We love VA loans.
Men and women who have served in the armed forces can buy a home with no down payment, rates below market, and no mortgage insurance. What better way to thank our veterans than make the American Dream of home ownership available to them?
It is a government program, though, and anything involving the government must be a mess of red tape and bureaucratic delays, right? That is what many people believe, so today is the day we pull the curtain back and explain just what is involved in getting a VA loan.
Why the VA loan process is easier than many other government programs
You should realize first that the Veterans Administration does not loan the money; the VA just provides a guarantee to the lender so they can make a loan with no down payment. There are a few additional steps for a VA loan, but most of them are quick and straightforward.
Here’s the process:
First, you’ll get certain documents together, just as you would for any other type of mortgage: bank statements, pay stubs, and tax returns. The VA also requires a Certificate Of Eligibility (COE) to show you are entitled to the loan guarantee.
To get this, you’ll provide your loan officer with a copy of your DD-214, the document you received when you were separated or retired from active duty. In most cases, your loan officer will be able to get your COE instantly online.
Sometimes the VA will take a little time to process the request, but this seldom takes more than a week. If you want to do this yourself, you can go to the VA Portal and follow the instructions on the site. It will be much easier (and probably faster) if you let a loan officer do it for you.
Next, you’ll apply for the loan just as you would a conventional loan. You’ll complete and sign your loan application and give your income and asset documentation to your loan officer.
If you are already in escrow to buy a home (or if you are refinancing your existing home loan), several things will happen behind the scenes: an escrow will be opened and the title company will prepare the preliminary title report. The loan officer will order the property appraisal through the VA loan portal online. With conventional loans, you would pay for the appraisal ahead of time; with a VA loan, you won’t have to pay until escrow closes.
The appraisal will arrive in a week to ten days, but your loan officer’s team will prepare your loan submission package and send it to the underwriter right away. The underwriter will approve the loan in a week or less.
VA loan timelines and demands are very similar to conventional loans
If you’ve every applied for a conventional mortgage, you may be thinking, “This is just like the loan I got a few years ago!” You’d be right. The different paperwork and procedures for a VA loan all happen behind the scenes—your part of the process is almost identical to that of a conventional loan.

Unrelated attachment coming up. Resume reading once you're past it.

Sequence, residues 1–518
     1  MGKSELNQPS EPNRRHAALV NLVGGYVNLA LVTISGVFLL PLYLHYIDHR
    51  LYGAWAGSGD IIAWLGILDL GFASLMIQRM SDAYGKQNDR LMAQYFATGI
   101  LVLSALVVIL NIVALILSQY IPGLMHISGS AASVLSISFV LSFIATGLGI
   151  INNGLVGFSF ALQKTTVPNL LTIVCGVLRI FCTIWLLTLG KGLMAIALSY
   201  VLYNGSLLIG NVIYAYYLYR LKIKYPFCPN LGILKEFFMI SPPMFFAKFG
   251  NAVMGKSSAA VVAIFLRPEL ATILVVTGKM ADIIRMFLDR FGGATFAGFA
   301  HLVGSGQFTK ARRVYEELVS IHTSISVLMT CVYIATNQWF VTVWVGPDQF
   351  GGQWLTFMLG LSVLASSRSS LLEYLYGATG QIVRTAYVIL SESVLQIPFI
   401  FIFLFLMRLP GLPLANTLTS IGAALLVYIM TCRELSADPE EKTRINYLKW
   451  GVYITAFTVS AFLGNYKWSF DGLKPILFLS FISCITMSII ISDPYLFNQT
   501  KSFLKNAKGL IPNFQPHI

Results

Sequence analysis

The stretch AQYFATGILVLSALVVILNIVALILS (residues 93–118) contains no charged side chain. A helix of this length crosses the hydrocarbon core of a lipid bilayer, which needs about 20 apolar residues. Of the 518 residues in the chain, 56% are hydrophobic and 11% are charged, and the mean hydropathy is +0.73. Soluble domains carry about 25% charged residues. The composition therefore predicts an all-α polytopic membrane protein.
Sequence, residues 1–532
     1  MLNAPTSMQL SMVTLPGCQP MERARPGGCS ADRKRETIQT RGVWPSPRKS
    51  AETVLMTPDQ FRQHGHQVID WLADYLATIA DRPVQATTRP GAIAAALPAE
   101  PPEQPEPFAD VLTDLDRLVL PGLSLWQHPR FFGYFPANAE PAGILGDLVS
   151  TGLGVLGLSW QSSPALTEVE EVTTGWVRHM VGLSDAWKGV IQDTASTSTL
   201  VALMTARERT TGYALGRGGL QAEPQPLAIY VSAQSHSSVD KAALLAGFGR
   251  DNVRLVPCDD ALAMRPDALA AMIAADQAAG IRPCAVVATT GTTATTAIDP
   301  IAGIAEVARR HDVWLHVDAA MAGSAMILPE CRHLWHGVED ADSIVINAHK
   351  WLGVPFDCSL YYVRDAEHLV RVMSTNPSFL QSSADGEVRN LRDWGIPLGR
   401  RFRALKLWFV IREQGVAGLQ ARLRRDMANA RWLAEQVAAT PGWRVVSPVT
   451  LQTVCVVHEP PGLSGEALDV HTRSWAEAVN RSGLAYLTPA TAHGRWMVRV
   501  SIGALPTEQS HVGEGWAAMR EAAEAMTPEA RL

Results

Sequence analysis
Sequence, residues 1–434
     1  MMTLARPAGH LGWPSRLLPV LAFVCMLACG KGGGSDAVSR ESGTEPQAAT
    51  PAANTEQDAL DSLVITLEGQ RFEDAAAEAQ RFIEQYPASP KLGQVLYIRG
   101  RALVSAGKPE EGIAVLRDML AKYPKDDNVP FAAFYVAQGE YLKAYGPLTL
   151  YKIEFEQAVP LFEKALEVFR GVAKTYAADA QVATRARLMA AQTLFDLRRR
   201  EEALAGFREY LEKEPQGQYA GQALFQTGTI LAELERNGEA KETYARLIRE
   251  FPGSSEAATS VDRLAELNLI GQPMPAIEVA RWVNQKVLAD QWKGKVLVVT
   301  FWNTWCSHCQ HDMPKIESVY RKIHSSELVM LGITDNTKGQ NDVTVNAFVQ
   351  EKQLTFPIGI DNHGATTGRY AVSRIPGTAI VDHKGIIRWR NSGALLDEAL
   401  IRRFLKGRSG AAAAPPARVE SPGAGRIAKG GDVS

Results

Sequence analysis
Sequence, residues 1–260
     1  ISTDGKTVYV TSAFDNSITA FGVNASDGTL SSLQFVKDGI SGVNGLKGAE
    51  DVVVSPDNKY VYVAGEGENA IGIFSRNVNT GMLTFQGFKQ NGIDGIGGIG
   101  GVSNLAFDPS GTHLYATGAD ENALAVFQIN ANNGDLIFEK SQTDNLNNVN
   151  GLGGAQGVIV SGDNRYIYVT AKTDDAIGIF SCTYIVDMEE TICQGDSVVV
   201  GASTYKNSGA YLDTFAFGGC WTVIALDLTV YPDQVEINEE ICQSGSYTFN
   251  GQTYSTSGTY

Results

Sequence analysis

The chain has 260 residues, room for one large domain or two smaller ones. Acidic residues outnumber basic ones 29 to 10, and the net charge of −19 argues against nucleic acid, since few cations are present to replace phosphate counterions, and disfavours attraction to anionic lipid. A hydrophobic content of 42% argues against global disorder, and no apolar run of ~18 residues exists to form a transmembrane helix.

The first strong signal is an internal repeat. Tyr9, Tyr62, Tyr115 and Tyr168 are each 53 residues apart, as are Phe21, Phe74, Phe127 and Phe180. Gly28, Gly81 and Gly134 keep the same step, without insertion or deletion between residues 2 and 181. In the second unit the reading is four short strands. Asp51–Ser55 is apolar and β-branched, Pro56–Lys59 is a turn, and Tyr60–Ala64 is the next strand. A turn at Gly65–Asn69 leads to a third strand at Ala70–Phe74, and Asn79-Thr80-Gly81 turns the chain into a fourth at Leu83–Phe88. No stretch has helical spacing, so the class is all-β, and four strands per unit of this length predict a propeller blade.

There are some minor differences.
The lender will require a pest control (termite) report with clearance, showing that the property has no termites or dry rot. If there are health and safety issues with the property, like peeling paint or bare wiring, the appraiser will mention them in the report and they’ll have to be corrected.
The VA calls these “Minimum Property Requirements” (MPR). If you’re interested, you can read them on the VA’s website. The purpose of the MPR is to ensure that the veteran is getting a home that is safe and secure. If you have ever bought a home using a conventional loan, you probably paid for a home inspection—and asked the seller to correct any defects that the inspector noted.
If you are a veteran and have hesitated to get a VA loan in order to purchase or refinance a home because you thought it might be a bureaucratic nightmare, you may have changed your mind after reading this.
One more thing to consider: if you are planning to buy a home and have the required cash for a down payment (we’ll use 3% for an example), you’ll find that a VA loan will save you a great deal of money each month. To put that into perspective, let’s look at a $400,000 purchase. As a conventional buyer, you’d put $12,000 down (3%) and pay over $2,500 per month including taxes and insurance. With the VA loan, you’d put ZERO down and have total payments of less than $2,200 per month.
If you’re buying and selling a home at the same time, you may feel that using a VA loan will make the process more difficult or confusing. Now that you better understand the VA loan portion and how convenient it can be, you have the opportunity to learn more about buying and selling a home. Simply download our free ebook by clicking the button below.